States and tribes were left for roughly the first year of the pandemic to individually determine what measures to enact to best protect public health within their own jurisdictions, a framework that produced wide-ranging results. This variability was partly due to the Trump Administration's rudderless response to the pandemic--which included legally dubious orders to states to eliminate some public health protections and federal favoritism among, and competition with, states for medical supplies partly due to the fact that states' police power has traditionally been the most frequently invoked source of authority to regulate public health. Several states have imposed stringent measures, with others taking a more lax approach. Tribes have also varied in their responses, although their decisions generally have been less widely reported. For example, several tribes in South Dakota and throughout the country have implemented checkpoints, including the Makah Tribe, Zia Pueblo and other Pueblo tribes, the Crow Tribe, the Navajo Nation, and the Northern Cheyenne Tribe, as well as the two tribes that are the focus of this essay, the Cheyenne River Sioux Tribe and the Oglala Sioux Tribe or Oglala Lakota Nation. Tribal approaches to the checkpoints vary, with some tribes preventing entry by those who are neither tribal members nor reservation residents and others briefly stopping vehicles and then allowing most traffic to proceed. And many of the nation's 574 federally recognized tribes have adopted numerous other public health measures in response to COVID-19 as well.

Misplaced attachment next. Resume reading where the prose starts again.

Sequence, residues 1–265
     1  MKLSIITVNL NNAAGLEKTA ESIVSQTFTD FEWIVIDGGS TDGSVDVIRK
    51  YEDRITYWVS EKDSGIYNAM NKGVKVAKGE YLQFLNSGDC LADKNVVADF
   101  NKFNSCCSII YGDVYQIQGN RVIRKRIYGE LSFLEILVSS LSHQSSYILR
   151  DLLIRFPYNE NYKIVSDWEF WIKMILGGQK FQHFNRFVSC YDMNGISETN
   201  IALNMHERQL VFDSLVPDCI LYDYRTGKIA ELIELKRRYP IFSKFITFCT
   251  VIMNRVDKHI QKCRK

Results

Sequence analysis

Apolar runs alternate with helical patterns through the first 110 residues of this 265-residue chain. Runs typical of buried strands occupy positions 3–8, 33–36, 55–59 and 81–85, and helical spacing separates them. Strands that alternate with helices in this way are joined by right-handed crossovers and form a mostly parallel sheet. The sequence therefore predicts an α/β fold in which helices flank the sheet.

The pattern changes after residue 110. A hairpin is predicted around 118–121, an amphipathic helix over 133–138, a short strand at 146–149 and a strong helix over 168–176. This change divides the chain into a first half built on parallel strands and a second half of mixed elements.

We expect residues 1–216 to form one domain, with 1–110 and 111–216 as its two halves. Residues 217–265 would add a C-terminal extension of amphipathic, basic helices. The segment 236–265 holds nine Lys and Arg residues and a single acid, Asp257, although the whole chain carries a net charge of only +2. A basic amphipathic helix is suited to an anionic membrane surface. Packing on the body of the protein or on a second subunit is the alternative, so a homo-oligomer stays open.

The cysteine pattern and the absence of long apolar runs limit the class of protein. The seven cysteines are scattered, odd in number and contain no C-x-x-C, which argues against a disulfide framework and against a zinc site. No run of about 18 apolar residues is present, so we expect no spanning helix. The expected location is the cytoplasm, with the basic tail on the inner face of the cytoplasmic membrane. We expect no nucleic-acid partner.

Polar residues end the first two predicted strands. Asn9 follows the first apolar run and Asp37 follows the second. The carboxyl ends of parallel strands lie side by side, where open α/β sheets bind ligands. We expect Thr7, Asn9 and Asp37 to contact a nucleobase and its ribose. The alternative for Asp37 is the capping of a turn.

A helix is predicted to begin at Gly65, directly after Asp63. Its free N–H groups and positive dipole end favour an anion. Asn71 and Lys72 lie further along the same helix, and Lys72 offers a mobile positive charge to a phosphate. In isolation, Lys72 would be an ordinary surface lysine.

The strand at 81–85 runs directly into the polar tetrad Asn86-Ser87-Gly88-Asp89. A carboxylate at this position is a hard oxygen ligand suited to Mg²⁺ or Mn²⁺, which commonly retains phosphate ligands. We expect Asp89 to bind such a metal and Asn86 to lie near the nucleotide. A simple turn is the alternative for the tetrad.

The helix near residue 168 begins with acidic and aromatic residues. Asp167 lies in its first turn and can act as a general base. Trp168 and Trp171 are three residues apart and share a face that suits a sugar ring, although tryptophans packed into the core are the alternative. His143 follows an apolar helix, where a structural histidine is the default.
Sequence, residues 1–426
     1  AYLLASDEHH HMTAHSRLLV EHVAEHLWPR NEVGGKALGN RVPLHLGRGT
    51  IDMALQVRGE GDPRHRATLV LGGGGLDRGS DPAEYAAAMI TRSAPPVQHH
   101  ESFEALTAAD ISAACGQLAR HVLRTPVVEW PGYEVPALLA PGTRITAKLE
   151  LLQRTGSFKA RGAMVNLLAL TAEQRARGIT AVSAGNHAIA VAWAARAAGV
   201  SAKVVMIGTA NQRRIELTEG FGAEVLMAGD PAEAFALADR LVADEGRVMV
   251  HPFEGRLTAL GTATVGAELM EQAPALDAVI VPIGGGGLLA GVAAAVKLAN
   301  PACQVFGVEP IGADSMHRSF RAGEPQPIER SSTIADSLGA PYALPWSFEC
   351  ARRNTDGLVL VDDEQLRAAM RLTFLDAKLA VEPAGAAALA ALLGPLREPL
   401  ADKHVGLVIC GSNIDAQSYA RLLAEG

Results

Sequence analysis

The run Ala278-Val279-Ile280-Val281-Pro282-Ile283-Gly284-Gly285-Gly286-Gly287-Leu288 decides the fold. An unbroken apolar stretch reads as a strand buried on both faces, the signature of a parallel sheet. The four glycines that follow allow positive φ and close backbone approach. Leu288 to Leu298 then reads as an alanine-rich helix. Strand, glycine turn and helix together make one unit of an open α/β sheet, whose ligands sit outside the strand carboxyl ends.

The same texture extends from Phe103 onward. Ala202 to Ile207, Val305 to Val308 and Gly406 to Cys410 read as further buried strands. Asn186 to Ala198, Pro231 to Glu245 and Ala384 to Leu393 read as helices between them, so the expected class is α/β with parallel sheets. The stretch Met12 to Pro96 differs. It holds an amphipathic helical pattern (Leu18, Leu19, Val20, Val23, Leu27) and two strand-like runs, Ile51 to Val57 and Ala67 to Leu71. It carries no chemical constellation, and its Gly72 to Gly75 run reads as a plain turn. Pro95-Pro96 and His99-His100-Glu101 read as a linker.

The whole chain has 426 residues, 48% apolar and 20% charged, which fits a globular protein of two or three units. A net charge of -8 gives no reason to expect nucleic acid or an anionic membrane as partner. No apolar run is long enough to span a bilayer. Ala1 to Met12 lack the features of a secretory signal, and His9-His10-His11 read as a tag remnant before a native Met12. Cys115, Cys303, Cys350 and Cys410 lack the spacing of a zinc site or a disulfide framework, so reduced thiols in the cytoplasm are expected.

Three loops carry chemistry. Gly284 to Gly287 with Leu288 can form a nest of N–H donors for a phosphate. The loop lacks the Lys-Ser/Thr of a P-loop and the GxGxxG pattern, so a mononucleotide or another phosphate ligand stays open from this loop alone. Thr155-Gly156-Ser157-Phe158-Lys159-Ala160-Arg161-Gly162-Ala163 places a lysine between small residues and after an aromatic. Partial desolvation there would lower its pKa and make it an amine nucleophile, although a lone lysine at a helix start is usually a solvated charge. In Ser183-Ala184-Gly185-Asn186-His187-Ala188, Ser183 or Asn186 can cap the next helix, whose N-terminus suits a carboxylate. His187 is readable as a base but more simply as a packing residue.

In South Dakota, as further explained in Parts II and III, the state and many of the tribes whose reservations are within its borders have been at loggerheads due to diametrically opposed approaches to the necessity of public health measures.